The euro - a stable international currency
Prof. Otmar Issing, Member of the Executive Board of the European Central Bank, Budapest, Academy of Sciences, 27 February 2003
Ladies and Gentlemen,
Let me first extend a warm thank to the Institute for World Economics of the Hungarian Academy of Sciences for inviting me here today to share a few thoughts on the euro as a stable international currency.
When the euro was launched on 1 January 1999, the European Central Bank (ECB) assumed responsibility for monetary policy in the euro area – the second largest economic area in the world after the United States. The legal basis for the single monetary policy is the Treaty on the European Community, which in its Article 105 states that "the primary objective of the European System of Central Banks shall be to maintain price stability". I wish to argue in this speech that this clear objective in conjunction with the economic size of the euro area constitute the key fundamentals for the euro to become a stable international currency.
The Oxford dictionary of economics defines international money as "money which can be used in settling international transactions". Indeed, a currency acquires the status of international money if it assumes the role of a vehicle in international transactions, if it is used internationally to denominate assets and if it is stored as official reserve.
I will argue that the economic size of a country is an important factor for having its corresponding currency getting the status of international money. This factor alone, however, is not sufficient. Institutions of the issuing country matter as well. In other words, a sound institutional and regulatory framework of the issuing economy as well as the credibility of the relevant institutions is also a fundamental determinant of international money. I wish to emphasise that we at the ECB contribute to the international role of the euro through our efforts to achieve the price stability objective.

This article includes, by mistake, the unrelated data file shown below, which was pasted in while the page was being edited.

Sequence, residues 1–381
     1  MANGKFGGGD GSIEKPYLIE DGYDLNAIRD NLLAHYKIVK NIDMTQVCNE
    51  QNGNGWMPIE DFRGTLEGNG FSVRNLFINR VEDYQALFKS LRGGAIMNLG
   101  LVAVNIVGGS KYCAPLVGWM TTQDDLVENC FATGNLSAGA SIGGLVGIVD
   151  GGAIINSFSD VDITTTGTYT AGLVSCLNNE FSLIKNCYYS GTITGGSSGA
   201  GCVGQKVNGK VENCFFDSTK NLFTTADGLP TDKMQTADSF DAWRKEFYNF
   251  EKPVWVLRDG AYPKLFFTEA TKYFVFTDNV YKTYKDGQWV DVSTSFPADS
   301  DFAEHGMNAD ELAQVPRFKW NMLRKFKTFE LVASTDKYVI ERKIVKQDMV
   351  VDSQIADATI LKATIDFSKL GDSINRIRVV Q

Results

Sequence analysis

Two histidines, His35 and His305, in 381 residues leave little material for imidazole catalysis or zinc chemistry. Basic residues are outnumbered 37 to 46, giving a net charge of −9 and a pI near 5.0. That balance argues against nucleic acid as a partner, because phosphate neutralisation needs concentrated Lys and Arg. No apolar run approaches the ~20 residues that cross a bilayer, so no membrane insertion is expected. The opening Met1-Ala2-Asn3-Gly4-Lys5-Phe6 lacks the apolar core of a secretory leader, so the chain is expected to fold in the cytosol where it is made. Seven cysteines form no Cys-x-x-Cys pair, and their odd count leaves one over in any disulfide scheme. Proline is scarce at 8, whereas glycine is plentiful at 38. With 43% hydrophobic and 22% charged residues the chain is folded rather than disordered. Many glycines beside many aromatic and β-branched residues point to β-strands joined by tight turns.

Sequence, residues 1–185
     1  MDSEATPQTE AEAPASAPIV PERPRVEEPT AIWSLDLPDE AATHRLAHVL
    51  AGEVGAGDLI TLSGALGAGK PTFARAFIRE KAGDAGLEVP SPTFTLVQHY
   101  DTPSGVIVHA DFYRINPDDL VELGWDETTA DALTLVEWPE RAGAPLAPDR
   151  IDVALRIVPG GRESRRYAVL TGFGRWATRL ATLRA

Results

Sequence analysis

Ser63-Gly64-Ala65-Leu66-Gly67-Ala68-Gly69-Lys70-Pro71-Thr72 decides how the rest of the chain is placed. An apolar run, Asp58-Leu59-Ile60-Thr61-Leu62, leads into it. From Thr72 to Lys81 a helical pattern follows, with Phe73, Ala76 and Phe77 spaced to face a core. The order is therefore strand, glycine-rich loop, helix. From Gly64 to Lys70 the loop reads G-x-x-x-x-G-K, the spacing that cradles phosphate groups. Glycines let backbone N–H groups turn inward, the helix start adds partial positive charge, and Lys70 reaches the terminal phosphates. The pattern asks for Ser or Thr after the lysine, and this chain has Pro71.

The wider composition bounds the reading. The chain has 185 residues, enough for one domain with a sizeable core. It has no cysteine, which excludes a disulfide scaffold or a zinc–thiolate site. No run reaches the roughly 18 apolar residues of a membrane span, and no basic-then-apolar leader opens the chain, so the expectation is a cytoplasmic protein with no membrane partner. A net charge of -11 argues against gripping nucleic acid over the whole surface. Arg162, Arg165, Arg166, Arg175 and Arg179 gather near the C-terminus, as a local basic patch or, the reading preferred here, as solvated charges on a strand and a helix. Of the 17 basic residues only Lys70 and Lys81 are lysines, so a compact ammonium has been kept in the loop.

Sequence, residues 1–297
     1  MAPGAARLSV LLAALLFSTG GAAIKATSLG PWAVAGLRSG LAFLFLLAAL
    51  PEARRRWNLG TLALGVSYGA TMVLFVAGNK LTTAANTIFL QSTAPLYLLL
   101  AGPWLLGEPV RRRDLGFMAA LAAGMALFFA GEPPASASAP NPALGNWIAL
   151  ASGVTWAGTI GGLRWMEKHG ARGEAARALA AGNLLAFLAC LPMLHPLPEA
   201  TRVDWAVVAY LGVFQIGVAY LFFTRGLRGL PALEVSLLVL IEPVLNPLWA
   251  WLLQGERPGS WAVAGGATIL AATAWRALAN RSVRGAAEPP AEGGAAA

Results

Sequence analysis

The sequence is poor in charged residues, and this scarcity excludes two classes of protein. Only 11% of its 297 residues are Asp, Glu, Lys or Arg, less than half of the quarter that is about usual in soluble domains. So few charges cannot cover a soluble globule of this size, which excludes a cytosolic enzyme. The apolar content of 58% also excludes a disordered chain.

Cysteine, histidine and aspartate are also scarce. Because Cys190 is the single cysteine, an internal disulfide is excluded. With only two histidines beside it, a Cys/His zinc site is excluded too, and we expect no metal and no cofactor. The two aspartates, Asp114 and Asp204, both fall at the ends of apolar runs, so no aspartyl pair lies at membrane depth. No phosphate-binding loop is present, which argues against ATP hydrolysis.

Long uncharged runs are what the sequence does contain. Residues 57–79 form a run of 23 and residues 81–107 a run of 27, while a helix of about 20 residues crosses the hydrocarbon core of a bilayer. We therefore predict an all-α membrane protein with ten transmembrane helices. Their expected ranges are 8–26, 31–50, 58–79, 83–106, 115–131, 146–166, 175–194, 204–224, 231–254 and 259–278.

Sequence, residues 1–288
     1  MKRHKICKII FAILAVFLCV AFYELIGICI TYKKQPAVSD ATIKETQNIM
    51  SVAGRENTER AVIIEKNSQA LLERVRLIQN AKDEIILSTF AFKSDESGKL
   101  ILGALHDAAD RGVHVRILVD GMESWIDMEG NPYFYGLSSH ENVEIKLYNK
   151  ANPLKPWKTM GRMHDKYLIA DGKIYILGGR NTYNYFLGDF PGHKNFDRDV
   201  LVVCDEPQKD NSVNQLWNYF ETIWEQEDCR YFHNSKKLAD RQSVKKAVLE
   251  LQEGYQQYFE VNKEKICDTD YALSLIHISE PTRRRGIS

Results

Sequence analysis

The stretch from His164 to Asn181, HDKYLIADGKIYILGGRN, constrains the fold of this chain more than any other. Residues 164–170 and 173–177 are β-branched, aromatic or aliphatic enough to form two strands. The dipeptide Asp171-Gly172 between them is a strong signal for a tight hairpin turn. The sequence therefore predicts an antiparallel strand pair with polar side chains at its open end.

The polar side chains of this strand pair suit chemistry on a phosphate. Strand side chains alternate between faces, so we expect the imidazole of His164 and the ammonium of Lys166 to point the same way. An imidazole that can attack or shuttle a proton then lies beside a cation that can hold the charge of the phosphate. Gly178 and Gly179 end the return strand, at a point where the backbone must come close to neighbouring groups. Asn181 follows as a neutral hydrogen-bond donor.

2. Determinants of the international role of a currency
What can we say about the factors determining international money? The main factors underscoring the international status of a country's currency can be classified in three main groups: (1) the economic size of the issuing country; (2) the soundness of its institutional framework; (3) the previous use of its currency.
2.1. Economic size of the issuing country
With regard to economic size, it is common to look at the Gross Domestic Product (GDP) of the issuing country and its global trade. Ceteris paribus, the larger the GDP of a country and the more open its economy, the larger its international trade. A large cross-border goods trade volume of a country generally implies lower transaction costs in using this country's currency to channel global trade. If traders find it convenient to use this country's currency as a means of exchange also for transactions with other countries' traders, then it becomes a vehicle currency and its status is enhanced to international money.